Cook earning favour as he entertains us

Paul Cook. Picture: Joe Pepler
Paul Cook. Picture: Joe Pepler
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Do managers have an obligation to entertain?

Paul Cook certainly thinks so – and hasn’t been shy about airing his views about on the subject lately.

Supporters who remember the glory days of 1949 and 50 are clamouring to thank Cook for what they are witnessing.

‘I thought people come into grounds to watch a match,’ the Pompey boss says in The News today.

It’s an issue Cook has returned to on a number of occasions, with a clear philosophy paying fans deserve to watch a decent game being preached.

Ideologically, it’s a purist’s heaven. Playing the beautiful game in the manner it’s intended is a cause everyone is behind. As long as you’re winning.

Maybe there might have been one or two people having doubts about that, though, at 3.38pm on Saturday.

Cook is used to the concerns being raised when things aren’t going well. He’s heard it before.

This tippy-tappy football is all well and good but get it in the mixer. We’re too open at the back. Why aren’t we playing two up top?

They are all shouts levelled at the Scouser’s approach, and his jesting suggestion to the press they’re thinking that now implies there’s been some consternation over it in the past.

As it goes, the press are thinking anything but that. Not in this part of town anyway.

Cook was left flummoxed by the fact his team were encouraged off at the interval against Morecambe at the weekend. ‘Where else does that happen?’ he enquired after the game.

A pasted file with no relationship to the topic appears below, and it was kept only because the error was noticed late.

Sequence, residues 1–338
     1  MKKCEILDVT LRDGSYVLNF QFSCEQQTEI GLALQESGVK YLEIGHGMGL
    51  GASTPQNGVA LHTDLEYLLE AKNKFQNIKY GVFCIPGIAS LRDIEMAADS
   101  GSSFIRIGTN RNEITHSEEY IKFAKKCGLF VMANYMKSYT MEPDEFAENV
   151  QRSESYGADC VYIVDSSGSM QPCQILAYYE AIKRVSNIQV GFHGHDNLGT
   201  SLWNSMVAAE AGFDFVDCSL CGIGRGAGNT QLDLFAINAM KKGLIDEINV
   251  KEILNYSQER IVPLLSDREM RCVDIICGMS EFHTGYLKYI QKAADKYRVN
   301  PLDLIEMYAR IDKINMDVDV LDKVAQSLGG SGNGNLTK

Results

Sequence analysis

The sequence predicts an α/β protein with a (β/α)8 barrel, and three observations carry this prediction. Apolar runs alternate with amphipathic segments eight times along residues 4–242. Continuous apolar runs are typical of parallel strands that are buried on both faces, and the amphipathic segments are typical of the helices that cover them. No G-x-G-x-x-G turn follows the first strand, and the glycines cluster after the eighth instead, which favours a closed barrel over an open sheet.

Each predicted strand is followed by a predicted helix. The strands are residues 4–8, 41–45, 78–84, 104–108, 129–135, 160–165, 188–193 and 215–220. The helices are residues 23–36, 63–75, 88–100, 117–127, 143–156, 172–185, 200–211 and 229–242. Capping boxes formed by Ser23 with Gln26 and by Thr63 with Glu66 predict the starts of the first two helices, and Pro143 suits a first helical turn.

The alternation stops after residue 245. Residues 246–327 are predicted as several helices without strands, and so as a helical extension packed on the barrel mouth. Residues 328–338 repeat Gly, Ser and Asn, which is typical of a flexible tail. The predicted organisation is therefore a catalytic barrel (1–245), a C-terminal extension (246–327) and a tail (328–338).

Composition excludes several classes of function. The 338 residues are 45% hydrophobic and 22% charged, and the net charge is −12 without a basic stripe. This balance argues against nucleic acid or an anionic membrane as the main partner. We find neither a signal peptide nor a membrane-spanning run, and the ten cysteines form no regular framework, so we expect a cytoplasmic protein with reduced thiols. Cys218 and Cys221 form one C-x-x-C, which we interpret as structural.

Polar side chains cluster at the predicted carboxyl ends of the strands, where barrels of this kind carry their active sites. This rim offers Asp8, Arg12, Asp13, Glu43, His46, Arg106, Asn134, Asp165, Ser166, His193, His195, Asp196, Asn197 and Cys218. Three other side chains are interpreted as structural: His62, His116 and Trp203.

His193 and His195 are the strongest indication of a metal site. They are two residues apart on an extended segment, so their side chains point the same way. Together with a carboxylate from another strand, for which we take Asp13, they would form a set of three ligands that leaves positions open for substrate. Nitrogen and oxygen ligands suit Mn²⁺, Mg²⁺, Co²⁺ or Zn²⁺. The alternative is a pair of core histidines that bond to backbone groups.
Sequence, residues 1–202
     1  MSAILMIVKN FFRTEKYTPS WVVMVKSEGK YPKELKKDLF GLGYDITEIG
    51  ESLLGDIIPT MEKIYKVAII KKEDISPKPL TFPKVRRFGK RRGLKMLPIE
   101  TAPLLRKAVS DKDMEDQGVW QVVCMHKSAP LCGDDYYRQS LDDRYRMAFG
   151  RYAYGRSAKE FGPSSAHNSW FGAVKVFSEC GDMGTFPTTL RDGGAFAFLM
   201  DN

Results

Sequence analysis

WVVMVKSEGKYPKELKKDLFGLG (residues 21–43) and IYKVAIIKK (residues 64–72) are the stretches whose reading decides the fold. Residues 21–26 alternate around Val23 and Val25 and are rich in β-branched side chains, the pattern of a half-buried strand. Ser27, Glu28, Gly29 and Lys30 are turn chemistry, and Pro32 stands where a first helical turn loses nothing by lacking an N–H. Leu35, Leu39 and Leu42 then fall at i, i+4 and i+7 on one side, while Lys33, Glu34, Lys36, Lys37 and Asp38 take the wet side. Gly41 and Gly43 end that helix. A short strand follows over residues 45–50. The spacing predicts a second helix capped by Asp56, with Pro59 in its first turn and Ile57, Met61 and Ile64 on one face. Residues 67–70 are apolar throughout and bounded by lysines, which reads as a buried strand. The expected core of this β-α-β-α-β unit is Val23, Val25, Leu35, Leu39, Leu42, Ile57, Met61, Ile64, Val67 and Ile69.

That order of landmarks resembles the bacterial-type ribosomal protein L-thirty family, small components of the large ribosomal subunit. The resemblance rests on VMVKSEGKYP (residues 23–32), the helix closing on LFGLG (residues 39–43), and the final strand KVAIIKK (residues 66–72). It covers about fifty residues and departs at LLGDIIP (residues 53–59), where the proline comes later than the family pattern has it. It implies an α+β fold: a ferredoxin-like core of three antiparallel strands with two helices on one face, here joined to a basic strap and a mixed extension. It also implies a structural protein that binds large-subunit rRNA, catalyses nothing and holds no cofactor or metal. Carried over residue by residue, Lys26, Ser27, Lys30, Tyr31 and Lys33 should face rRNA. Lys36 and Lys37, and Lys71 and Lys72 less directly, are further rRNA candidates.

Pompey fell 3-0 down. It really could have been five or six. Morecambe literally looked like they were going to score on every attack.

The passing and pressing which has been the team’s hallmark stuttered. It was like Superman shorn of his powers and left exposed to Morecambe’s counter-attacking Kryptonite.

But Cook’s side were trying to make things happen. The Fratton faithful saw that and stuck by them.

A hallmark of the post-match fan reaction was they believed, even at 3-0, Pompey could find a way back into the game. Playing in a manner which creates that conviction is why there weren’t boos.

Last week, Crawley’s approach came under the spotlight as they parked the bus, the kit bag, boots and any spare staff who were knocking around the dressing room.

It was a topic discussed by my sports desk colleague, Steve Wilson, in the Sports Mail at the weekend, after an illuminating insight into Cook’s thinking ahead of the Morecambe game.

The Pompey boss is insistent he has never set up a team to eke out a result – and never will.

It’s easy to paint the picture as black and white in the light of the encouragement being felt this season – and previous disappointments.

Cook is the noble knight carrying the sword of attacking truth against the dark forces of anti-football.

It’s not like that. There will be times for pragmatism. Pompey won’t be gung-ho at Kenilworth Road if they are the odd goal to the good in stoppage time on Saturday.

But at the same time, what supporters are witnessing shows the philosophies being espoused aren’t empty rhetoric.

To see left-back Brandon Haunstrup get an earful from Cook against Reading for not being on the edge of the attacking third was insightful.

The ball was on the right side of the pitch at the time, but he wanted his other full-back ready to pounce.

The gaffer for the day on Tuesday night told of fans heading enthusiastically to buy season tickets off the back of what they saw.

Supporters who remember the glory days of 1949 and 50 are clamouring to thank Cook for what they are witnessing.

So, maybe managers don’t have an obligation to entertain. But, when it buys optimism, you wonder why more aren’t encouraged down that path.